Last modified: 2003-08-30 by phil nelson
Keywords: space | moon | mars |
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The problems of flying a flag in the vacuum of space are fairly obvious. Most people know that the US flags planted on the moon were made of cloth or nylon and were rigged with a wire along the top and/or bottom so that they looked like they were "waving." Has anyone else heard the rumor that the Apollo 11 flag was actually knocked down by the dust kicked up by the exhaust of the lunar module, and is currently lying in the Lunar dirt?
josh fruhlinger, 1996-NOV-17
I recall seeing a film of one of the Apollo Lunar Module lift-offs where the camera was aimed out the window. Upon launch from the lunar surface, you could clearly see the U.S. Flag spin on its staff and was waving briskly in a direction pointing away from the rocket blast. There was no indication that the pole or flag were dislodged by the exhaust. I presume, therefore, that the flags left by the Apollo astronauts were all left standing after the departure of the LM.
That does not mean to say that the flags are there today. I work two blocks south of the Smithsonian's National Air and Space Museum where a major exhibit is a LM on a simulated lunar surface, complete with astronaut mannequin and flag. The flag, which was similar to those used in the 1969-1971 lunar missions, has only been at the site since the museum's 1976 opening, and already it is quite noticeably faded. Here, the sun's rays are filtered by miles of atmosphere and the plexiglass roof of the museum. I dare say that the unfiltered UV rays hitting the lunar surface have fully destroyed all the flags left by the Apollo crews by now.
Nick Artimovich, 18 November 1996
After I saw the movie Apollo 13, I read several books about the Americans going to the moon, and I remember reading about this little-known episode. I can't remember exactly which book it was in, but it was either in an official NASA history or in Moonshot by astronauts Deke Slayton and Alan Shepard, so I would consider this much more than a rumor.
Dean Tiegs, 19 November 1996
I remember watching a special on the lunar landings and one of the astronauts (Buzz Aldrin, I think) mentioning that he actually saw the flag fall as they were lifting off and that they decided that mentioning this on their return would be bad PR (Public Relations).
I thought of another place there is a flag in space: the Viking landers, which are still on Mars, had large flags prominently displayed on the sides. The Viking landers are, interestingly enough, officially museum exhibits now, since NASA gave them to the Smithsonian Insititution when they stopped working, making Mars the Smithsonian's least-visited location...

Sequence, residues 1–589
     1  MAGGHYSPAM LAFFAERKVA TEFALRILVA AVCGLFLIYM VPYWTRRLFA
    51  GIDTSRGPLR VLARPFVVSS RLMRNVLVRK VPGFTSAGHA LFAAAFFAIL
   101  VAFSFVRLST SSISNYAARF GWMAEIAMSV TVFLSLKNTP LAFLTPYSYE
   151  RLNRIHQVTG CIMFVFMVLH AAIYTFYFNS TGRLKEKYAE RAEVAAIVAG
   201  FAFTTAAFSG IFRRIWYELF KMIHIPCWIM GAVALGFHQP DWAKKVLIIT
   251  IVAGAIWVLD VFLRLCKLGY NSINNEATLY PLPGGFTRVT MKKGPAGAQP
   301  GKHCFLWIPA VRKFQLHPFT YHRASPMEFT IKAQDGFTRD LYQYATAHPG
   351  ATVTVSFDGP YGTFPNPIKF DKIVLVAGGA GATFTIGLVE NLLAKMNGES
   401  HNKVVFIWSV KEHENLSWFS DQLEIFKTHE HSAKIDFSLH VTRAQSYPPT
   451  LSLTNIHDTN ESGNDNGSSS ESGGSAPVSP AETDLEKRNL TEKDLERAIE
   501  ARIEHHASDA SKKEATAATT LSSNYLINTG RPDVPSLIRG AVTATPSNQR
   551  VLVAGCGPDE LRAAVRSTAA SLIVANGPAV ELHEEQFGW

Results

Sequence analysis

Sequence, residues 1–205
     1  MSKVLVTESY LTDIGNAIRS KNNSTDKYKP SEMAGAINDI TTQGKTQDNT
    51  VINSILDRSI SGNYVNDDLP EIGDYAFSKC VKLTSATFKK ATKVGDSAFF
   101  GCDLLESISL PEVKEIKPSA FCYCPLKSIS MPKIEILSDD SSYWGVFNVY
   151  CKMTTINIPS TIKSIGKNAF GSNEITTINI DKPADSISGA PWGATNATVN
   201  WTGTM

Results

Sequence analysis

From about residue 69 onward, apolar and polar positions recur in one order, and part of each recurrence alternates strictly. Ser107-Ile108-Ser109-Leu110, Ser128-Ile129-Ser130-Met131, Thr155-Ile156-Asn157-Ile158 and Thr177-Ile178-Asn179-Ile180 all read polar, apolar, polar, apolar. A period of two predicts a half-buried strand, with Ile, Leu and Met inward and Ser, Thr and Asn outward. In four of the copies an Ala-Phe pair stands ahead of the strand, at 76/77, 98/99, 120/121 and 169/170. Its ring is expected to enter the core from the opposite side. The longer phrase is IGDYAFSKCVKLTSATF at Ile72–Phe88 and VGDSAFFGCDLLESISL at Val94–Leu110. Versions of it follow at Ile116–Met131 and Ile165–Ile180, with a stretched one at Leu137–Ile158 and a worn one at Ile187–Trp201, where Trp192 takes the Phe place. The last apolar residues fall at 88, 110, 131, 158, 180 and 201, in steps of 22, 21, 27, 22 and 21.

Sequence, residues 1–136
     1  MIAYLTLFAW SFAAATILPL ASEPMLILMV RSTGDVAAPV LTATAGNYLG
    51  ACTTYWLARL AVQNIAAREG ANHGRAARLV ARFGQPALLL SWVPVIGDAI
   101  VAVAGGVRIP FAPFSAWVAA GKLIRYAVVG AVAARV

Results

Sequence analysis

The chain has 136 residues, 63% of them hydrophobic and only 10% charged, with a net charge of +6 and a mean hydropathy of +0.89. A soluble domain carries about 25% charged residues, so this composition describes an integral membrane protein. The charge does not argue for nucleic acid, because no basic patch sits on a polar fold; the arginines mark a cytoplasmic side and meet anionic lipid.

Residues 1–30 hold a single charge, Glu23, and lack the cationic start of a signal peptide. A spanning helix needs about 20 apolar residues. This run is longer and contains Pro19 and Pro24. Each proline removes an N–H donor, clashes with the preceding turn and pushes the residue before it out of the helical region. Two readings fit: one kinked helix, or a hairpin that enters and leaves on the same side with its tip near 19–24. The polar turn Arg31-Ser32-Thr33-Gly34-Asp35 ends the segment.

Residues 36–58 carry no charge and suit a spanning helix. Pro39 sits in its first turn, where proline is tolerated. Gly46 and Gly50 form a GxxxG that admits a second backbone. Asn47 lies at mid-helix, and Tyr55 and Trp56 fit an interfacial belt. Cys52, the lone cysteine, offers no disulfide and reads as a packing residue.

Joshua Fruhlinger, 18 November 1996
There were some non-US and non-USSR astronauts/cosmonauts, and I can remember that there were at least some from Germany and France. Did they take their flags? I guess that they had flags at least at the shoulders of their uniforms.
Foreign astronauts on American ships wore shoulder and chest patches of their nation's flags. Each US mission also had a distinct mission patch, which sometimes incorporated the flag of a foreign astronaut's country. I remember both of these things happening when a Saudi prince, who was also an aerospace engineer, went up on the US shuttle.
I can't speak for the Soviet Union, but several press confrences were held on Mir, the Russian space station when the American Dr. Shannon Lucid was on there, and Russian and American flags were on the wall behind the speakers. It appeared that they were ordinary cloth or nylon flags affixed to the wall at all four corners to make sure they didn't drift away.
In addition to the American and Soviet/Russian space programs, there is or was a European Space Agency which launced rockets from a site in French Guiana. This is a multinational organization, unaffiliated with the EEC/EU (I think Sweden and Austria were members of the ESA back in the '80s) which tried for a while to be a "third alternative" to the superpowers, especially for launching commercial sattelites for European companies and governments. They got quite ambitious -- they had a design for a reusable manned craft and were beginning to train Euronauts -- when they had a series of catastrophic failures, sometime in the late '80s. The ESA logo was a stylized teardrop shape with a lower case "e" whithin it, and along the outside rim of the tear were all the flags of member states.
Josh Fruhlinger, 11 November 1996
In a museum in Brussels there is a small (large desk size) Belgian flag in the exhibit with the moon rocks on display. According to the text (as best as I can remember) the astronauts brought flags from many nations with them on the trip. These were then presented to the respective nations at various functions.
Nathan Bliss, 18 November 1996